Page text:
Increase Your Credit Score 100+ Points
As a 20-something living in our modern world, a credit score is your password to unlock all sorts of financial opportunities for you. Your credit score will help you get a car loan, approved for a new apartment, and to buy that killer rental property with low interest! This post is going to detail ways to improve your credit score that you can do easily.
What is a credit score?
A credit score is a number that ranges anywhere from 300-850. This number is used by car companies, banks, government agencies and more. These companies use this number to determine the probability that you will actually pay back the money you owe them.
Banks and other money lenders want their money back. They aren’t in the financial sector to lose their money. This is why people with less of a chance of paying back their loans are going to have a higher interest rate. Think of your credit score as a level of trust a bank has in your ability to pay back your loan entirely.
There are 5 ranks you can receive for your credit score. They range from bad to excellent and you really want to see yourself in at least the top 2 if you want low-interest rates and a nice apartment.
Why is your credit score important?
Loans from the banks are a necessary part of life for the majority of people. Chances are you’re going to need a loan sometime in the future for a new car, or a home. Having a good credit score can drastically improve your life because companies are going to be willing to give you a lower interest rate which can give you more money to spend on things you want.
Where can you go to see your credit score?
I’m a cheap 20-something, I don’t want to waste money on anything I can find somewhere for free. This is why I will always recommend Credit Karma. Credit Karma is now available in Canada which is something I waited a long time for.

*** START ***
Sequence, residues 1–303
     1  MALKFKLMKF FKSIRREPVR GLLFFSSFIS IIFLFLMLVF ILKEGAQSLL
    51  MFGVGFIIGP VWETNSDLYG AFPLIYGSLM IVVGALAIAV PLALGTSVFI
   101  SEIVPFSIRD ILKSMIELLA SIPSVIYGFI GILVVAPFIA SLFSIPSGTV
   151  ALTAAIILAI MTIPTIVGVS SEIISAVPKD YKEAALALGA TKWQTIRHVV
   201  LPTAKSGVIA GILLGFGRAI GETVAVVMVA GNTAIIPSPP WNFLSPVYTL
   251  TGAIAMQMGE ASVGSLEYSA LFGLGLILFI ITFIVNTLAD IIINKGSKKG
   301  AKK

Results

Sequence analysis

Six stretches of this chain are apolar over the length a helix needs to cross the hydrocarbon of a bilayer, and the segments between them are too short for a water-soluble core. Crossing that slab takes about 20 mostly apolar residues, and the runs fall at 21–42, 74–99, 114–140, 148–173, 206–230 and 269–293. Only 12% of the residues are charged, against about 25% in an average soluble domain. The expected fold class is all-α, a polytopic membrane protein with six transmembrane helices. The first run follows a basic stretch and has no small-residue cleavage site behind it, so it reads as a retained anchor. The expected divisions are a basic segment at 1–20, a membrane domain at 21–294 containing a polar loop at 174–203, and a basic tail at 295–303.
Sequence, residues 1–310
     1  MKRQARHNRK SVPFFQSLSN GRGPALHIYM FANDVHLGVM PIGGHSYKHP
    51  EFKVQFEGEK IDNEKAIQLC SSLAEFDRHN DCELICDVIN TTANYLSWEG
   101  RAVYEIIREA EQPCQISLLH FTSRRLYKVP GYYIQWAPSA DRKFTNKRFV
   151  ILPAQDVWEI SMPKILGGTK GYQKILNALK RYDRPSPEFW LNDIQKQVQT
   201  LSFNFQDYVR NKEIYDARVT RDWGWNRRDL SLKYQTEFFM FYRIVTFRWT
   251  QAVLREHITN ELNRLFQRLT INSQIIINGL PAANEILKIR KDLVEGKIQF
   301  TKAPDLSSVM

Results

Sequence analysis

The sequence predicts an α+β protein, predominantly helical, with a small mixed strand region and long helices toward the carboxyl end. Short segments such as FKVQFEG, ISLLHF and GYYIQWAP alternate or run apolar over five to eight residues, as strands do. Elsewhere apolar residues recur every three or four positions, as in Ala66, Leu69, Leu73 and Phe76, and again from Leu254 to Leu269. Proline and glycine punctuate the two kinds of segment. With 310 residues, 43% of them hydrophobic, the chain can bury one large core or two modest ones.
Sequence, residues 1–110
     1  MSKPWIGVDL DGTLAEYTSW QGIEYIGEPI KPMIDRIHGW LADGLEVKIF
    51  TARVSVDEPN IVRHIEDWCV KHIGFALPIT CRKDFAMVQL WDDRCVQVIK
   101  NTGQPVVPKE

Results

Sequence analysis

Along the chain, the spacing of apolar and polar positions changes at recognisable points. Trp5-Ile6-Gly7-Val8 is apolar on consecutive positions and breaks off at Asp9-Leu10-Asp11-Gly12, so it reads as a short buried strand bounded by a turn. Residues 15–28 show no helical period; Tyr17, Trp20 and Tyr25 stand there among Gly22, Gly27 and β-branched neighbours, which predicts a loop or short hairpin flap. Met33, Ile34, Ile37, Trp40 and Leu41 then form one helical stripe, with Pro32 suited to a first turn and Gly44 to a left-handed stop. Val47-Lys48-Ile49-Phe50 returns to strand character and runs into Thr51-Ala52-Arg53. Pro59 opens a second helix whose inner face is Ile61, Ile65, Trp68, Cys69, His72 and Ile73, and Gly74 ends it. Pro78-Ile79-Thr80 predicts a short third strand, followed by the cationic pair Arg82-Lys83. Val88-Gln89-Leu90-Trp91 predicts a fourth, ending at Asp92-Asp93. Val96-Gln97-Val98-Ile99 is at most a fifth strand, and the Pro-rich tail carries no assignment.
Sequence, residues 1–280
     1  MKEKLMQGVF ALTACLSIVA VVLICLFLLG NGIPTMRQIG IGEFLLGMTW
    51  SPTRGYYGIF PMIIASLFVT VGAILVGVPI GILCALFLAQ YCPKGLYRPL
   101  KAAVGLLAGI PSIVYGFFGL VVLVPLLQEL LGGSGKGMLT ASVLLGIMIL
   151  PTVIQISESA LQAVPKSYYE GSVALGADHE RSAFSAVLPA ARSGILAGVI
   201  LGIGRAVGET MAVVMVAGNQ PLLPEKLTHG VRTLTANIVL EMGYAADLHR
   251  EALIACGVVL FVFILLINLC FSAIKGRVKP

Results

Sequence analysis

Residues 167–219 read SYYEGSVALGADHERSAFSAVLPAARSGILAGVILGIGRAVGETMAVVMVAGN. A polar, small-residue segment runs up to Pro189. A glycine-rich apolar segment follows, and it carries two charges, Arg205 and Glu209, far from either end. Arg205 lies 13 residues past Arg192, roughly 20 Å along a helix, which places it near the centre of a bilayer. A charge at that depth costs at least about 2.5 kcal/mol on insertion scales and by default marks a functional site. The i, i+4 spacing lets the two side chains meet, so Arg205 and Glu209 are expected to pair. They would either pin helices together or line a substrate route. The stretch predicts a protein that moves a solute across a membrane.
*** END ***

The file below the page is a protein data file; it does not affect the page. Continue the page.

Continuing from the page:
You’ll enter your basic information into the website and Credit Karma is going to calculate an approximate number based off all your financial information. This is going to be whats called a soft inquiry meaning that it will not have an effect on your overall credit score. If you go apply for a loan there is going to be a hard inquiry on your account which will affect your score.
how is your credit score calculated?
Your credit score is made up of 5 categories
- Payment History
- Total Amounts Owed
- Length of Credit History
- New Credit
- Types of Credit
1. Payment history
Payment history is going to be one of the most straightforward of the bunch. This refers to how much money you have managed to pay toward the credit you received since the day you turned 18.
It’s going to take into account your entire payment history. This will include the ratio of on-time to late/missed payments, any collections that are against you for unpaid credit, as well as liens, bankruptcies, foreclosures, etc.
2. total amounts owed
Total amounts owed takes into account your total amount of money owed out to lenders as well as your credit utilization.
Credit utilization is going to indicate to a lender whether or not you may have trouble making more than just your minimum payment. The more credit you use on a credit card or line of credit the higher your utilization is going to be.
For example, If you had a credit card with a $1000 limit and you had $975 of charges your credit utilization is going to be high which is negative in the eyes of lenders. This means your credit utilization would be at 97.5%.
3. Length of credit history
The longer you’ve proved you’re able to make at least your minimum payment the better your score is going to be. Obviously, this percentage of the credit score is going to be higher for someone who is 50 years old and has been using credit for the last 30 years than it will be for someone in their 20s who is just starting out.